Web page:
By the time I was preparing for my MFA show at Michigan State University, I was pretty comfortable with the collagraph print-making process. I had created dozens of printing plates, and made several collagraph prints from each one.
My degree was in ceramics, and my show would be centered around a series of nine large ceramic sculptures. I felt it was important to show some of my original prints, too, as that was an integral part of my creative growth. My advisors suggested several finished pieces that would be representative of my work. I decided to, instead, create a series of new plates for a series of large prints that would better compliment my ceramic work.
It was a huge endeavor to take on in the last few months at university. The plates were built up on 24″ x 32″ masonite boards, which was just about as large as the press would handle. Each finished print was inked and put through the press at least three times before it was done, with drying time between each run. Unlike previous collagraphs I had made, these were hand-colored with watercolor paints, too. The series of six collagraghs took about two hundred hours to complete.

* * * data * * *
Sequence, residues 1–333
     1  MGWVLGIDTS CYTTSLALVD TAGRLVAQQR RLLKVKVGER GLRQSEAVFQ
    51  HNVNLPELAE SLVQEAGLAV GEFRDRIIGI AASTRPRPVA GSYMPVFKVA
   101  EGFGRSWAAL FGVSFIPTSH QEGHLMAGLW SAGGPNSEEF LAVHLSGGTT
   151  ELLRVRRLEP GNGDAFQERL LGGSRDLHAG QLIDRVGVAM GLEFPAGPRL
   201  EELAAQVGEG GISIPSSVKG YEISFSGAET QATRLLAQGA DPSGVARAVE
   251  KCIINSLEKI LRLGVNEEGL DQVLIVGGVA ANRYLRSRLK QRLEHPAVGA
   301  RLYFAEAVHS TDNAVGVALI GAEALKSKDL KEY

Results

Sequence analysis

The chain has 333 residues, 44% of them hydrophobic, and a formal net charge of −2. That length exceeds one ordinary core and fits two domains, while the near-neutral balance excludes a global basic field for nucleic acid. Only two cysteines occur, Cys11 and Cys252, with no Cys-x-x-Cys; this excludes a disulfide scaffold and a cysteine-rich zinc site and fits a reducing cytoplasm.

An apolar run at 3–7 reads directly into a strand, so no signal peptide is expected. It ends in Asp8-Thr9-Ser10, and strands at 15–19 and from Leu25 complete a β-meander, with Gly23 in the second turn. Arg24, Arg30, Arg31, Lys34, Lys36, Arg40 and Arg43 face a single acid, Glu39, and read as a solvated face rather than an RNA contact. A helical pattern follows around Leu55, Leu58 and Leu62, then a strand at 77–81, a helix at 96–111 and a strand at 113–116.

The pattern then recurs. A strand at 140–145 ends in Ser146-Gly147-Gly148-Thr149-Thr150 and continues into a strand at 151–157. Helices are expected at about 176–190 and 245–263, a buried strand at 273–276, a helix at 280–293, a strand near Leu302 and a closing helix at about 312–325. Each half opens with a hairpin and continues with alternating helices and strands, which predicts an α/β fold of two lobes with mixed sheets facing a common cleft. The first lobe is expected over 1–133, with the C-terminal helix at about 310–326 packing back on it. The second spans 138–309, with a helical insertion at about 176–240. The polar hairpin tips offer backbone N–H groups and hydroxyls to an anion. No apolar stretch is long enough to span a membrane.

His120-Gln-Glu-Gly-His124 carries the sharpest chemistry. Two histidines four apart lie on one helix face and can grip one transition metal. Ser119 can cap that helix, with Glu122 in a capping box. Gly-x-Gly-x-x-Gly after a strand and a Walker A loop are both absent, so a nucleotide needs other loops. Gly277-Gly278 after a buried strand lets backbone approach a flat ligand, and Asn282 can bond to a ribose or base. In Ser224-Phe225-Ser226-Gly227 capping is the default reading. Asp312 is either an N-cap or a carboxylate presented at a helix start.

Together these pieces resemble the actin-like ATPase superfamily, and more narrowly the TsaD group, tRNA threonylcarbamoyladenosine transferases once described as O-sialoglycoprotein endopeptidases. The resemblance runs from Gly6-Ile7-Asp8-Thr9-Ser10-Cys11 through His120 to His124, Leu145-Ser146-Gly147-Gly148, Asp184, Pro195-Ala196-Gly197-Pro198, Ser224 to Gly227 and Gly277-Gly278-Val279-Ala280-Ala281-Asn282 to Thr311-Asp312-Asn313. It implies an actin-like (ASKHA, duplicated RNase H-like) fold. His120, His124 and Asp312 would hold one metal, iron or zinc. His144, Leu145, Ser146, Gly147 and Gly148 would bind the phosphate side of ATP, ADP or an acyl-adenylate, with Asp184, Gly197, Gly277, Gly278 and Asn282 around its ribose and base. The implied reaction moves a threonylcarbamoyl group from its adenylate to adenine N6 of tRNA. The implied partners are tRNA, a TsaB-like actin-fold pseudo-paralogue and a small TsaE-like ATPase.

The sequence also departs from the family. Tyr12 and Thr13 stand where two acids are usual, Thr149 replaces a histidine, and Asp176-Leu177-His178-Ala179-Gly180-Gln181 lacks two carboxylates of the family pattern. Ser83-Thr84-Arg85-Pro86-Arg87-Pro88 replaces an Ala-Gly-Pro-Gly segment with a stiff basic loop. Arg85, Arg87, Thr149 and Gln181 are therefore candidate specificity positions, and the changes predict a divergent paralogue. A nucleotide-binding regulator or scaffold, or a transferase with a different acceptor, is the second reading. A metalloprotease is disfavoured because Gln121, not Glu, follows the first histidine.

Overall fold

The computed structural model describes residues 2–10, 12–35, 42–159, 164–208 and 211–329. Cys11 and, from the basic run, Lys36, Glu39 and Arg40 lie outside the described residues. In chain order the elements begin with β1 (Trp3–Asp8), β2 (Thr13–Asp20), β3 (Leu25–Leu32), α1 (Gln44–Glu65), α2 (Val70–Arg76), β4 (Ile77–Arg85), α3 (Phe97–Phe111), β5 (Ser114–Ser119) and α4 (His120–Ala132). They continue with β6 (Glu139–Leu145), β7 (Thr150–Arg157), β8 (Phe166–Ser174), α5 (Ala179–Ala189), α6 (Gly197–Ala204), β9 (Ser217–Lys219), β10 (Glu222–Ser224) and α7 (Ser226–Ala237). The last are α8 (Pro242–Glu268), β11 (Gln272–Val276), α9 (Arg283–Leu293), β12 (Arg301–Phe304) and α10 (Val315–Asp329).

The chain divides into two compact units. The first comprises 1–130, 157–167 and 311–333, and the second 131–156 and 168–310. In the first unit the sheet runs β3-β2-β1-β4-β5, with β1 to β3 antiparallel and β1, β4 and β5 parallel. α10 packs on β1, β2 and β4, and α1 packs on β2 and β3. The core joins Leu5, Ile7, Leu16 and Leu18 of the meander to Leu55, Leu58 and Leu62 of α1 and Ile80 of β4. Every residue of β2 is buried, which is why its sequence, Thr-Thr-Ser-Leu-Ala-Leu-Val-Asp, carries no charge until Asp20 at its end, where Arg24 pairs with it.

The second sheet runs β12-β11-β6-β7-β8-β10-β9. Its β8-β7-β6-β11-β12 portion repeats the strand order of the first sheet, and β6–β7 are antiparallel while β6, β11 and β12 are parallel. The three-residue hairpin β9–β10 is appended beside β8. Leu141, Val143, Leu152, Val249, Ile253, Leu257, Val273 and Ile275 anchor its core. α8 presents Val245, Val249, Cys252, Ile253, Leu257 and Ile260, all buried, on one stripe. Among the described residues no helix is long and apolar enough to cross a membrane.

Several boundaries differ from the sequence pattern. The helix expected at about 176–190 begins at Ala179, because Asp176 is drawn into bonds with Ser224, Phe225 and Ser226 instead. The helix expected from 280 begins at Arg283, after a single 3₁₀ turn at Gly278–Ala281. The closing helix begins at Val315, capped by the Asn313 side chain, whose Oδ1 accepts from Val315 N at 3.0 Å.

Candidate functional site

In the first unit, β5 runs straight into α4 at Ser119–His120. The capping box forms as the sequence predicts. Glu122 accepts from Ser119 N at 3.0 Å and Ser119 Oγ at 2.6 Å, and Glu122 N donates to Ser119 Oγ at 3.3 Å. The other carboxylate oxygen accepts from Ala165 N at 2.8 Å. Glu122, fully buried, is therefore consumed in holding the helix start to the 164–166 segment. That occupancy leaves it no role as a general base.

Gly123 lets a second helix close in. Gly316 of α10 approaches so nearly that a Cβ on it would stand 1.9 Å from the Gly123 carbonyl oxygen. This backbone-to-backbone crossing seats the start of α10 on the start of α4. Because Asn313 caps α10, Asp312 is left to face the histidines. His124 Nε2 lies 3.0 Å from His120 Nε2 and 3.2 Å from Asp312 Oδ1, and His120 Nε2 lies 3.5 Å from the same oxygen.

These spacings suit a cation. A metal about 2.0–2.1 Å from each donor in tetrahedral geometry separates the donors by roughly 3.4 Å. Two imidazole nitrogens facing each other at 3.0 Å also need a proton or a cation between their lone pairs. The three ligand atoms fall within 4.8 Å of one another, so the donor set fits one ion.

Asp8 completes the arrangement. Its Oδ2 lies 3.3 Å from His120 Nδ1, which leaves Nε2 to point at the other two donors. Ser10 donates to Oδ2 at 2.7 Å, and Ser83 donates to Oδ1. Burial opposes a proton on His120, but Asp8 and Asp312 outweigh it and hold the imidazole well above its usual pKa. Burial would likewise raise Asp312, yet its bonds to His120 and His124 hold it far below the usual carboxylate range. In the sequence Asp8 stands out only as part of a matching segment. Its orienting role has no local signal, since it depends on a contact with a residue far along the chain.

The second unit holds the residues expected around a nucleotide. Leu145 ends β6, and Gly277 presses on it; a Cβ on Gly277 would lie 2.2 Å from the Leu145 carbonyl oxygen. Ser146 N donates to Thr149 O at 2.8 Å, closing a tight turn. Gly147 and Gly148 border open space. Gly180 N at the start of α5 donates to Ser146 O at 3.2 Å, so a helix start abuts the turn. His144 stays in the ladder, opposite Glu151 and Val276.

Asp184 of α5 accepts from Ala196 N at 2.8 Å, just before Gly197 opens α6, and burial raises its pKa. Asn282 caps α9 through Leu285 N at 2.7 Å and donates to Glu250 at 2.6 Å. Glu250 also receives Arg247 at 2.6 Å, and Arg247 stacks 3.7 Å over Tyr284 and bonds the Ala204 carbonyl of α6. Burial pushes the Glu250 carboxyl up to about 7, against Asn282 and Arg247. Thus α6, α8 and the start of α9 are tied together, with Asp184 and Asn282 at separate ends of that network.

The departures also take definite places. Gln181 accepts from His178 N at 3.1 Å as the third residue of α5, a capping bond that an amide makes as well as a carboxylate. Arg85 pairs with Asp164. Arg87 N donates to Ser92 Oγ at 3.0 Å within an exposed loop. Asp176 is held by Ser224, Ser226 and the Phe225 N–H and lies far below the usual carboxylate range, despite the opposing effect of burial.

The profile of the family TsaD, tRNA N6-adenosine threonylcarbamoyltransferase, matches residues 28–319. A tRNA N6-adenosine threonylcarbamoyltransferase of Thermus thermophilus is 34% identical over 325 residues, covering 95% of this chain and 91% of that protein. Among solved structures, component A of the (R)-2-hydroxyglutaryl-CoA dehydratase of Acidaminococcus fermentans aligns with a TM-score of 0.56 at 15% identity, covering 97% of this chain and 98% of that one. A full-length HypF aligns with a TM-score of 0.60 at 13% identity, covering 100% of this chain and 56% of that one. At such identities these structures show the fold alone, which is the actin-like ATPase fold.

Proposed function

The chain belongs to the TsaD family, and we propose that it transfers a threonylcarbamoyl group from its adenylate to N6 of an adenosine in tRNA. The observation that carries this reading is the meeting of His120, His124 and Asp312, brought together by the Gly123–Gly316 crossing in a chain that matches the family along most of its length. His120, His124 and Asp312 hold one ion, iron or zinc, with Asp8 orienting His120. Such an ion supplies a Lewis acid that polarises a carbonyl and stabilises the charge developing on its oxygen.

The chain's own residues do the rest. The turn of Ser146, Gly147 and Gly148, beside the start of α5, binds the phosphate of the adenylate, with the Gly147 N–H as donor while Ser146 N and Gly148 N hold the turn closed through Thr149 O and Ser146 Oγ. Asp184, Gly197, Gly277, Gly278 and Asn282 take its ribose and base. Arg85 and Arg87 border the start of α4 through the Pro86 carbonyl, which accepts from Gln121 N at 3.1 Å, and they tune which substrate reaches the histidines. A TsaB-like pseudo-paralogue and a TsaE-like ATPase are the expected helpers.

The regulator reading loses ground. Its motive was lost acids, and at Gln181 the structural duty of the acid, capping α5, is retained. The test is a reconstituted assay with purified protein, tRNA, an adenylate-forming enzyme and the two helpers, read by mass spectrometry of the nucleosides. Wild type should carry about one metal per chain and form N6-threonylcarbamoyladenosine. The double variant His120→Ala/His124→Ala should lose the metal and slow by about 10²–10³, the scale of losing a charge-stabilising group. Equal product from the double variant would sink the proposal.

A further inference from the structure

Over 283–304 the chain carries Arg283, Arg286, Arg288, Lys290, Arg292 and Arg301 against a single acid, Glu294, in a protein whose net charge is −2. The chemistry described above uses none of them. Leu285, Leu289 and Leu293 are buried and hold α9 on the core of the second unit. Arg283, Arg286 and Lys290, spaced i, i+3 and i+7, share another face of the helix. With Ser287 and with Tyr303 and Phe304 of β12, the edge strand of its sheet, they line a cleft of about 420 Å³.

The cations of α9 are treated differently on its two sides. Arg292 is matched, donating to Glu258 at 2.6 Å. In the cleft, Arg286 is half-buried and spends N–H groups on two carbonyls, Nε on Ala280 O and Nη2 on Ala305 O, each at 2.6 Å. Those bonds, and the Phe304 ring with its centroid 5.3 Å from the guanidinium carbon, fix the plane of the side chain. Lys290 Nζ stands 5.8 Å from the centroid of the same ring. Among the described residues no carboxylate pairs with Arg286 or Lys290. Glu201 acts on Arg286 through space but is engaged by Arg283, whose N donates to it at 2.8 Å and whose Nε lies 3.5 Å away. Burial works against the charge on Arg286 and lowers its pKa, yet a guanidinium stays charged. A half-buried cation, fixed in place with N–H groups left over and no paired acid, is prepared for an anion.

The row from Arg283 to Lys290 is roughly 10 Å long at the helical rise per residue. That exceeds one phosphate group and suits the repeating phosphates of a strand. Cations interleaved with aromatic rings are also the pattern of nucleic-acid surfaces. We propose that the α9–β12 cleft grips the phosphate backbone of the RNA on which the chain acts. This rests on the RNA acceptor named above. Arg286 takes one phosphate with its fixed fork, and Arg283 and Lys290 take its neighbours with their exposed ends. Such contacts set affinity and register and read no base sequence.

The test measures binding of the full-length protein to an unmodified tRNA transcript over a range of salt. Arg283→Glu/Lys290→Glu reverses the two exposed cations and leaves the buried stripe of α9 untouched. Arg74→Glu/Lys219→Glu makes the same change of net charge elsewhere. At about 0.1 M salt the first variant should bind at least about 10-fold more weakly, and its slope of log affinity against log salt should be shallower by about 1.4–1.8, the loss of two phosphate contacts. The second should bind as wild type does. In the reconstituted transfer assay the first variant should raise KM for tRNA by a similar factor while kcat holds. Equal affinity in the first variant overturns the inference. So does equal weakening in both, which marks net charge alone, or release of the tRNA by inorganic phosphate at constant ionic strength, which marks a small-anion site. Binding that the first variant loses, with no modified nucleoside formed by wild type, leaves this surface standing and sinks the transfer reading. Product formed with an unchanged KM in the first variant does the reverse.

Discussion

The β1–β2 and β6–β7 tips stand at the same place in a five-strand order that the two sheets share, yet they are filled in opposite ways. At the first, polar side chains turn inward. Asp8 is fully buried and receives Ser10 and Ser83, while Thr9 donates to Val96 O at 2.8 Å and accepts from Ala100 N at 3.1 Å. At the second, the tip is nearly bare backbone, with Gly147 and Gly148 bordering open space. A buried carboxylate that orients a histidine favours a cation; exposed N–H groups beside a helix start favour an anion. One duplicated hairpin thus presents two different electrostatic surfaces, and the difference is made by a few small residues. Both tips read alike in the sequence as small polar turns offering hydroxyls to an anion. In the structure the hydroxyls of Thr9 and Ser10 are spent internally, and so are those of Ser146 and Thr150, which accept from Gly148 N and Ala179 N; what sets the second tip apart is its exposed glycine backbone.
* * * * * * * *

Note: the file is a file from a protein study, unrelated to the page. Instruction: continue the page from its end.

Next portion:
Why would I take on such an enormous project when I was busy with a thousand other necessary preparations leading up to the show, and graduation? My collagraphs had – to that point – been largely geometric patterns. Each were individual images, in various sizes depending on what I managed to find to serve as a plate.
As a backdrop for my ceramic sculpture, I wanted a series of larger images to better set of the three-dimensional work. I wanted more muted colors, and softer lines. This image – titled “Critical Density” – is one of the six that I hung for the show that year.